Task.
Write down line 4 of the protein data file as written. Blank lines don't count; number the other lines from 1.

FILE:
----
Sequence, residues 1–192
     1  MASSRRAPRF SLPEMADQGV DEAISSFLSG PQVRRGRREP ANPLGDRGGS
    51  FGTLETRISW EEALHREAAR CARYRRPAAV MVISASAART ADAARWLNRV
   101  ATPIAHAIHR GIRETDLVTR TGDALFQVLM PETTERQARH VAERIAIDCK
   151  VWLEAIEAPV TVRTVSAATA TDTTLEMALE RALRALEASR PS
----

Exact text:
   101  ATPIAHAIHR GIRETDLVTR TGDALFQVLM PETTERQARH VAERIAIDCK